The Torah relates that Tamar did not publicly declare that she had been impregnated by Judah. Even when he sentences her to death, she sends him the pledge and does not spell it out. Judah must therefore decide whether to admit his responsibility and save Tamar from the pyre, or to sacrifice Tamar and preserve his honor. Since Judah was in a position of power, he could decide whether Tamar would live or die.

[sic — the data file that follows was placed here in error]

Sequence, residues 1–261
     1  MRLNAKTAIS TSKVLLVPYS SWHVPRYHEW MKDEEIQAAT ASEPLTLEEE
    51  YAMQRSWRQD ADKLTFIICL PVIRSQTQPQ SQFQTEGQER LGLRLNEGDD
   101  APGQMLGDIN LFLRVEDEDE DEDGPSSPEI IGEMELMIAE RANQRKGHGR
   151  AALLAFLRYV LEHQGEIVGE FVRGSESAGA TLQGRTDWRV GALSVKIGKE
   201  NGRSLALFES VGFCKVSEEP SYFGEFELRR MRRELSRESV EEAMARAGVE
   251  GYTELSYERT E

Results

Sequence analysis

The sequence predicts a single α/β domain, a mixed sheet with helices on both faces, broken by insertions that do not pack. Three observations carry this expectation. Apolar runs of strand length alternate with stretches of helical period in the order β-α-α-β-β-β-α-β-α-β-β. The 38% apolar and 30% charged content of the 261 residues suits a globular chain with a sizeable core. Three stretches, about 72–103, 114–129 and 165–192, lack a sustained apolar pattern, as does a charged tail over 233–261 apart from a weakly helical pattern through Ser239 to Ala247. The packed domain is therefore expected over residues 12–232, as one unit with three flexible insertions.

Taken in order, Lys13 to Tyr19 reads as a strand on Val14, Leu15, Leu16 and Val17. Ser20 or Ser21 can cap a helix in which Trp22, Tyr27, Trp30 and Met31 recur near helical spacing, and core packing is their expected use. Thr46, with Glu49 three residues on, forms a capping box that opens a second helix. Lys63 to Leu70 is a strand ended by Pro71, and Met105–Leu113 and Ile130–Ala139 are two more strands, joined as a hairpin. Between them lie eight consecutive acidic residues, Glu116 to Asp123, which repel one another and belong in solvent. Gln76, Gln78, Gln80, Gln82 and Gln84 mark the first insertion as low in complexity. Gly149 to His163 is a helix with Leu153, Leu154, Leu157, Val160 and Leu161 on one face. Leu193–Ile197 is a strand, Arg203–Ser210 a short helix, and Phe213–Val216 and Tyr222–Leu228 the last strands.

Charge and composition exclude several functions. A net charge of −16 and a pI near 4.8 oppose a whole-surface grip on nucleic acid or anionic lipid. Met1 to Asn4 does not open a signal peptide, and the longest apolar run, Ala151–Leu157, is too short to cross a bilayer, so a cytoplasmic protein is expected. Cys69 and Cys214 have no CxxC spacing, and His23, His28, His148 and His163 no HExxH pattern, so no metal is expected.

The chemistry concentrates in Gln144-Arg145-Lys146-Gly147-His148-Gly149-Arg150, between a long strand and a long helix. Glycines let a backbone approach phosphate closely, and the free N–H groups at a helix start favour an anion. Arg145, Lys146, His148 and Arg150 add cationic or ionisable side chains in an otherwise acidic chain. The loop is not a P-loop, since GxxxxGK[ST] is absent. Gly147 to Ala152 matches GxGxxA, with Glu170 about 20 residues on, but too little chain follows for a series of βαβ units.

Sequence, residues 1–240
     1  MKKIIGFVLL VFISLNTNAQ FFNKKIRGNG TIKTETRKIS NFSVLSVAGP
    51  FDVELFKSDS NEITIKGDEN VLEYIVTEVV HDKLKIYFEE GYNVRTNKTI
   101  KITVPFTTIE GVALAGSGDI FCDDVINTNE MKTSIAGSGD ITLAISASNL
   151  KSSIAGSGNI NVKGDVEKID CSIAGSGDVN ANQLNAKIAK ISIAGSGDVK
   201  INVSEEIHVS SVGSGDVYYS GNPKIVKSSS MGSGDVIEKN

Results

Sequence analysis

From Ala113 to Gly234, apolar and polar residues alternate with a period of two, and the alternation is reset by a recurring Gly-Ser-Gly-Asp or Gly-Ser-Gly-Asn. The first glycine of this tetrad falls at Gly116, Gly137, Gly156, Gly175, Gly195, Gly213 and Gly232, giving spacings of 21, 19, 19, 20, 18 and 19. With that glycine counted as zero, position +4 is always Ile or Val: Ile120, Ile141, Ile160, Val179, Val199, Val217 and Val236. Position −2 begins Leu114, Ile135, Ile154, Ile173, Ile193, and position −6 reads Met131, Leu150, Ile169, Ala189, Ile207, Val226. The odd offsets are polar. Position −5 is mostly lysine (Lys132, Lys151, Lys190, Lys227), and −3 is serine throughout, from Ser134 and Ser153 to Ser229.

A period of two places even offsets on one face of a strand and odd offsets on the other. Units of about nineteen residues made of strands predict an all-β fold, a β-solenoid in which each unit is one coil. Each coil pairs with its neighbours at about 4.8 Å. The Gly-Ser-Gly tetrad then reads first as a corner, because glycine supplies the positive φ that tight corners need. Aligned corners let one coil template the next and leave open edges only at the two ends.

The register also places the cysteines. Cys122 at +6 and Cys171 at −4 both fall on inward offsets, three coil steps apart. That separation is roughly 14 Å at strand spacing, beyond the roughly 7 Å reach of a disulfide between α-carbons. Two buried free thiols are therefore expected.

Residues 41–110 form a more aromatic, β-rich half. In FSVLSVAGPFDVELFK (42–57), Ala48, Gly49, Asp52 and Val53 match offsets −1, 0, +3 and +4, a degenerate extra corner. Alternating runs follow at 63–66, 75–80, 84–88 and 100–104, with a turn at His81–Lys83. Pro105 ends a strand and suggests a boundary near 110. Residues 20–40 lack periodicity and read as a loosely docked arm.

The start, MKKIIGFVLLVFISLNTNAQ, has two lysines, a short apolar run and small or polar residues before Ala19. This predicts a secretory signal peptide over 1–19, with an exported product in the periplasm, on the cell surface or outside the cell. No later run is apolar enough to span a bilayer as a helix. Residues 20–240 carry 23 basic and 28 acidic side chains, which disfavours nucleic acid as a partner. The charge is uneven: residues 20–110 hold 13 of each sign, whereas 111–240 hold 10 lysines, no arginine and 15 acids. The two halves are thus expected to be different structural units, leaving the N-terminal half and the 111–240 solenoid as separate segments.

In the midrashic account, Judah initially denied all responsibility. When Tamar said: “Examine [or, acknowledge] these,” she used the wording “na” (please). She said to him: “Please acknowledge the countenance of your Maker, and do not hide your eyes from me” (Tanhuma [ed. Buber], Vayeshev 17). This midrashic tableau has Tamar trying to arouse Judah’s compassion, while in another midrash, she threatens him: Tamar tells him: “Please acknowledge the countenance of your Maker. These proofs are yours, and they are your Maker’s” (since God took care to find the proofs that had been lost) (Gen. Rabbah 85:11). She thereby hinted to him that the hand of God was in this, and that Judah would obstruct the divine plan if he were to have her executed.